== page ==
Despite persistent rumors here that the shah of Iran will return imminently to his Mexican home in exile, government officials said today that they doubt the shah will be back until Washington resolves its problems with the new Iranian government.

Officials here said the shah's medical status does not now appear to be the primary concern. Medical sources in New York said that the former monarch's condition was still serious but that radiation treatment for the cancerous condition in his neck was "within a day or two" of being completed.

The officials said they understood Mexico's readmission of the shah had been "a condition for giving him a U.S. visa" for medical treatment in the first place.

"His coming [back] here does not solve anything for Washington or for Tehran," a Foreign Ministry official said. "I don't see him coming here for some time."

There is little doubt that Mexico is prepared to receive the shah if and when he does come. Despite the tension and commotion his presence, and the subsequent seizure of the U.S. embassy in Tehran, have caused Washington, Mexico's government and people seem strangely indifferent to his presence.

Having closed its own embassy in Tehran two weeks ago, Mexico feels immune to the pressures of Iran. Mexico not only has its own oil wells and is not a member of the international oil cartel, OPEC, but traditionally has had little political interest or dealings with Iran or any other nation in the Middle East.

"We don't sell to Iran or buy their oil. We have no special economic tie," said a senior government official, "we no longer have an embassy. Frankly, if they want to break relations, we couldn't care less."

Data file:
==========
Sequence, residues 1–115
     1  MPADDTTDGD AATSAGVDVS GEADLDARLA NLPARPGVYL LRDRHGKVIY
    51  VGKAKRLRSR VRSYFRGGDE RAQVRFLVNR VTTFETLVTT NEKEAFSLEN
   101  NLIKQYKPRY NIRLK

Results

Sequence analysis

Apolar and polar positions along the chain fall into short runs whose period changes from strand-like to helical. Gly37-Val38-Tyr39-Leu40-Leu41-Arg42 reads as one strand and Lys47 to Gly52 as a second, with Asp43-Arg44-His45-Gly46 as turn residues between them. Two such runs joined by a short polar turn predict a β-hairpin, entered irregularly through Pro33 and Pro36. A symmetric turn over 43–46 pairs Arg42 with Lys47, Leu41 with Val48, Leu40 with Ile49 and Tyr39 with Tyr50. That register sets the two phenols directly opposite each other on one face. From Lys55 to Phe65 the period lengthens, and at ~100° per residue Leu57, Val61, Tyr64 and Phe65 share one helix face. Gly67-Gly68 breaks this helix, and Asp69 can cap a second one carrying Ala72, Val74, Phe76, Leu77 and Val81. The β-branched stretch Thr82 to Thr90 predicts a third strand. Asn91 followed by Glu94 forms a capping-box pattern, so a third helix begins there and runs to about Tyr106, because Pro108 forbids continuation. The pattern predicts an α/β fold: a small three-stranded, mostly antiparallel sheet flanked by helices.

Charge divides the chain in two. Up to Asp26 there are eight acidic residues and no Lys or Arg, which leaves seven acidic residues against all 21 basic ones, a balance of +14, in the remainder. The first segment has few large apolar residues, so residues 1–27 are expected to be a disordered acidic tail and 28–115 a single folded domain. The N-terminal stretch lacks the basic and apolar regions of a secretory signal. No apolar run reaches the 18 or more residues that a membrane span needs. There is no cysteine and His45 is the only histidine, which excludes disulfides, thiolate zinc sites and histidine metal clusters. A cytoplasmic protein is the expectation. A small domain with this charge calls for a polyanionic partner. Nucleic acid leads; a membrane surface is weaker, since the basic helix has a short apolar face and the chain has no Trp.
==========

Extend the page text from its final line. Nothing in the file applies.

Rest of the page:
Mexico's readiness to defy the Khomeini government appears to stem not from any special sympathy for the shah or his past policies, but from a reaction to Iran's private and public threats against this country and its government.

Last April, when the first reports about the shah's possible arrival here began to circulate, the Khomeini government immediately announced it would regard Mexico's reception of the deposed monarch as a hostile act. An Iranian diplomat reportedly annoyed Mexican president Jose Lopez Portillo by telling him as much in a private visit.

Inevitably, there has been broad conjecture about Mexico's motives for letting the shah live here. The official explanation is that Mexico prides itself on its long tradition of granting asylum to persons of all creeds, ranging from the Russian revolutionary Leon Trotsky to anti-Castro Cubans and Latin American socialists.

Speculation that the cheif attraction for Mexico was the shah's immense wealth, fanned last week when an Iranian diplomat here charged the shah had invested "a lot of money" in Mexico, have been denied by usually well-informed businessmen.

Although former U.S. Secretary of State Henry Kissinger, as well as several of the shah's personal emissaries came here for talks with Mexican foreign Minister Santiago Roel, it was Lopez Portillo, irritated by threats from Tehran, who made the decision to let the shah in.

The few verbal protests from leftist groups which followed the shah's arrival June 10 lasted only a matter of days, after which he was largely ignored here.

Ironically the Mexican government and press, neither of which like to be seen kowtowing to the United States, have openly sided with Washington on the seizure of the embassy in Tehran. Both official and opposition newspapers have condemned the action in strongly worded editorials calling Khomeini's followers "fanatics and criminals."